The Kennedys were married at the nearby resort of Newport —a reception at Jacqueline’s childhood summer home, the baronial Hammersmith Farm, on Narragansett Bay, owned by her stepfather, Hugh Auchincloss. The house had 28 rooms; the farm, 300 acres. The wedding was a cut-away affair for the men, rustling gowns for the women, greenswards to the sea, a cake four feet high, 1,200 guests, and Meyer Davis’s society orchestra playing the soothing songs of the era. The bride and groom stepped out to “I Married an Angel.”

Rhode Island senator Claiborne Pell and Jackie on the cruise.

Earlier that day, a more select group of 800 had crowded into St. Mary’s Church nearby to watch Richard James Cushing, an archbishop on his way to a cardinal’s red cap, officiate. Four other priests assisted, one of them being the former president of Notre Dame University. A message from Pope Pius XIII was read. The Kennedys were American Borgias, rich, intelligent, politically powerful, and accomplished sinners.

On the Honey Fitz, Atkins and Knudson were taking it all in. They captured the images that later become ingredients for Jackie Kennedy’s retrospective idyll of Camelot—a beautiful family, a glamorous presidency, but, at the center, a man whose policies were sometimes as anarchic as his private life.

From a silent motion picture of President Kennedy’s Newport weekend activities, September 12–15, 1963.

As the Honey Fitz serenely cruised, Vietnam was going to hell. The 750 U.S. military advisers of Kennedy’s first presidential year had somehow become 22,000 in his third—with more on the way. Kennedy was beginning to see the looming debacle, but he was boxed in by his own stridently anti-Communist rhetoric and his endorsement of the domino theory. He barely won the presidency in 1960; abandoning South Vietnam might cost him a second term. He was in a fix. He’d written a book about political daring, the acclaimed 1956 Profiles in Courage, but when it came to censoring the malodorous Senator Joseph McCarthy, Kennedy took a powder. Eleanor Roosevelt, an early Kennedy critic but a later admirer, is often credited with a memorable barb: “I wish that Kennedy had a little less profile and more courage.”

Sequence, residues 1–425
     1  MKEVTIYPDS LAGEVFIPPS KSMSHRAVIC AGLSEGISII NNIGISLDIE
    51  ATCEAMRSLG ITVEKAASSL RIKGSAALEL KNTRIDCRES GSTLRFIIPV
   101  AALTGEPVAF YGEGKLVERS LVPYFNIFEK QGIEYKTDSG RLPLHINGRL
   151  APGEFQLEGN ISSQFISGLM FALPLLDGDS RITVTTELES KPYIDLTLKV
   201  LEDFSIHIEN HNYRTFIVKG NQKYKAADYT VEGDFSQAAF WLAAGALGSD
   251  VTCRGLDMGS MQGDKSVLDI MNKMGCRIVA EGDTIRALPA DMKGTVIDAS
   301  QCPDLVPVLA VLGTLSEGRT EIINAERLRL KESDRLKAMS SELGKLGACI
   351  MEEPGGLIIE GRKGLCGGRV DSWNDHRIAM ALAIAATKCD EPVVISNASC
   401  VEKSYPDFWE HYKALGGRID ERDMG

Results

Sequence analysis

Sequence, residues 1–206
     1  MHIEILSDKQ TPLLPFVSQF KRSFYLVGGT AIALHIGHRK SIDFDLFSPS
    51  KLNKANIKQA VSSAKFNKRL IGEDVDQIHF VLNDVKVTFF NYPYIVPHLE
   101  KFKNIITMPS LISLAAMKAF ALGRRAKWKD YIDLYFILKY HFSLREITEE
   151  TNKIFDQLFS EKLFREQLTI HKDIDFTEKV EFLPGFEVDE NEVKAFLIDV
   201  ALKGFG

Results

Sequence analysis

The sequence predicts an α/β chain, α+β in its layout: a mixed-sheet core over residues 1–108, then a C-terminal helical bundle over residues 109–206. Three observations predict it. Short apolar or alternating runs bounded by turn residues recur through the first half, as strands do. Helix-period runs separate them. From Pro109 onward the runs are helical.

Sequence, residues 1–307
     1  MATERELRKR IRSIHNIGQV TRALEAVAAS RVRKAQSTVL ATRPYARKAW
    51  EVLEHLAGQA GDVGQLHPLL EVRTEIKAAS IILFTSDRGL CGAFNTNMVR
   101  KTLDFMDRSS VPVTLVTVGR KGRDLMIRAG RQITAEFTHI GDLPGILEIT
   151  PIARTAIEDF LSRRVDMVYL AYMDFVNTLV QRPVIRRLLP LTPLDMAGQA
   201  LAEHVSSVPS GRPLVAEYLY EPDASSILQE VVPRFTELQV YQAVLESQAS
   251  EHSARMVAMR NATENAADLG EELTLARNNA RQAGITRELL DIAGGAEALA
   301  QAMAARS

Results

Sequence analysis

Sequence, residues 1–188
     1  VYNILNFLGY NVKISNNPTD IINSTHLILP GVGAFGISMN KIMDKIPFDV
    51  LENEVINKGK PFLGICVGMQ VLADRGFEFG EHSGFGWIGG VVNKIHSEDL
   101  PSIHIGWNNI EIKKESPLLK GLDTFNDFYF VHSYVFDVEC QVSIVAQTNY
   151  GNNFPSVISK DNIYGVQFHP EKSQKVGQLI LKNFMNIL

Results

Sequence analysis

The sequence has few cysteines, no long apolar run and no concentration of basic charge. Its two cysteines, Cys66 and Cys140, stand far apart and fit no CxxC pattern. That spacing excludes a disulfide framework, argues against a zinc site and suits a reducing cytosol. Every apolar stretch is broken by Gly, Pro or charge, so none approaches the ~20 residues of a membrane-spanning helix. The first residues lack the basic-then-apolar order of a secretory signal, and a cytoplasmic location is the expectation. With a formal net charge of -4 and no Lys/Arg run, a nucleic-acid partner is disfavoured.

Lee Harvey Oswald was out of camera range. He was in New Orleans, living in a dilapidated house at 4905 Magazine Street. That very September, Oswald had been busy. He visited the Soviet and Cuban Embassies in Mexico City. He wanted to defect to Cuba. To the outside world, he looked aimless, but he had plans. A relative had found him a job in Dallas. He was about to move again. He had a mission and a mail-order Mannlicher-Carcano rifle. It cost $29.95.

Fidel Castro talks to the Mexican ambassador in 1964. Castro’s brother Raul is to the ambassador’s right, and Che Guevara is to Castro’s left.

Fidel Castro was also on the move. He showed up at a Mexican Embassy reception in Havana the very week the Honey Fitz cruised Narragansett Bay. The Cuban dictator was an unacceptable affront to the Kennedy administration and a lingering embarrassment after the failed Bay of Pigs operation. He’d established a Soviet-backed Communist regime in the Western Hemisphere, just 90 miles from the Florida Keys. Kennedy vowed to oust him. The C.I.A. tried to kill him, passing along six poison pellets to anti-Castro Cubans and even enlisting the Mafia, which sent hit men to the island. Nothing worked, and Castro had had enough. “Let Kennedy and his brother Robert watch out,” he said. “They, too, could become targets of assassination.”

The 750 U.S. military advisers of Kennedy’s first presidential year have somehow become 22,000 in his third.

Carlos Marcello, the Mob boss of New Orleans, needed no encouragement to kill Kennedy. Two years earlier, Robert F. Kennedy, the newly appointed attorney general, summarily deported Marcello and dropped him in Guatemala. The mobster worked his way back to New Orleans, determined to get even. He was a powerful and immensely proud man, and he’d been humbled, humiliated. The House Select Committee on Assassinations would later conclude that Marcello had the “motive, means and opportunity to have President John F. Kennedy assassinated.”

New Orleans mobster Carlos Marcello had a grudge against the Kennedys.

In Birmingham, Alabama, on day two of the Honey Fitz cruise, four Black girls prepared for their big moment. On Sunday, they would sing in the choir of the 16th Street Baptist Church. Birmingham was earning a nickname—Bombingham. Addie Mae Collins, Cynthia Wesley, Carole Robertson, and Carol Denise McNair would have had one day to live. None of them were over 14. One was only 11.